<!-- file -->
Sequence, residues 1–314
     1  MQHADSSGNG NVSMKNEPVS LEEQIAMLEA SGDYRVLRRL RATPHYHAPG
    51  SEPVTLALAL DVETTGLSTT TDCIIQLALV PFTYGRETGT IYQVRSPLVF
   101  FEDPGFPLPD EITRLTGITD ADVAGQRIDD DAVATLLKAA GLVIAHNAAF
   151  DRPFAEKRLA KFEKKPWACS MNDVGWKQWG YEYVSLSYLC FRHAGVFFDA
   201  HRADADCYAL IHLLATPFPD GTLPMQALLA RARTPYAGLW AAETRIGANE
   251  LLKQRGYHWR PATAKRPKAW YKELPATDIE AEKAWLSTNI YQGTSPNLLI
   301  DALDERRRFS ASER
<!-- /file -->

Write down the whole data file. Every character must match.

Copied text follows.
Sequence, residues 1–314
     1  MQHADSSGNG NVSMKNEPVS LEEQIAMLEA SGDYRVLRRL RATPHYHAPG
    51  SEPVTLALAL DVETTGLSTT TDCIIQLALV PFTYGRETGT IYQVRSPLVF
   101  FEDPGFPLPD EITRLTGITD ADVAGQRIDD DAVATLLKAA GLVIAHNAAF
   151  DRPFAEKRLA KFEKKPWACS MNDVGWKQWG YEYVSLSYLC FRHAGVFFDA
   201  HRADADCYAL IHLLATPFPD GTLPMQALLA RARTPYAGLW AAETRIGANE
   251  LLKQRGYHWR PATAKRPKAW YKELPATDIE AEKAWLSTNI YQGTSPNLLI
   301  DALDERRRFS ASER